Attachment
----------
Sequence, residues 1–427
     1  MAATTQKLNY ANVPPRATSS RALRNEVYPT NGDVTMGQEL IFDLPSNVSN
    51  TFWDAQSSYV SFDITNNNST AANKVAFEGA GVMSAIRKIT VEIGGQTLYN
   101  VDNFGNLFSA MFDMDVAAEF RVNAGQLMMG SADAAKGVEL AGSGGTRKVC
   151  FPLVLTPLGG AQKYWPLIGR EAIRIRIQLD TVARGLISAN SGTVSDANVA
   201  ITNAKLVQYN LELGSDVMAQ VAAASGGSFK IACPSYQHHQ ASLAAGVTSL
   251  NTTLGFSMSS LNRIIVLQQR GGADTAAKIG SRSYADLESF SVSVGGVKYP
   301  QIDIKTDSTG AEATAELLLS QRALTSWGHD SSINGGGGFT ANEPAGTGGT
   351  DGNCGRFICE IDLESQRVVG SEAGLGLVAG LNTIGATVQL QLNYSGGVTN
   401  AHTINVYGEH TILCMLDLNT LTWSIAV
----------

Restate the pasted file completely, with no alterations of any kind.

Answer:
Sequence, residues 1–427
     1  MAATTQKLNY ANVPPRATSS RALRNEVYPT NGDVTMGQEL IFDLPSNVSN
    51  TFWDAQSSYV SFDITNNNST AANKVAFEGA GVMSAIRKIT VEIGGQTLYN
   101  VDNFGNLFSA MFDMDVAAEF RVNAGQLMMG SADAAKGVEL AGSGGTRKVC
   151  FPLVLTPLGG AQKYWPLIGR EAIRIRIQLD TVARGLISAN SGTVSDANVA
   201  ITNAKLVQYN LELGSDVMAQ VAAASGGSFK IACPSYQHHQ ASLAAGVTSL
   251  NTTLGFSMSS LNRIIVLQQR GGADTAAKIG SRSYADLESF SVSVGGVKYP
   301  QIDIKTDSTG AEATAELLLS QRALTSWGHD SSINGGGGFT ANEPAGTGGT
   351  DGNCGRFICE IDLESQRVVG SEAGLGLVAG LNTIGATVQL QLNYSGGVTN
   401  AHTINVYGEH TILCMLDLNT LTWSIAV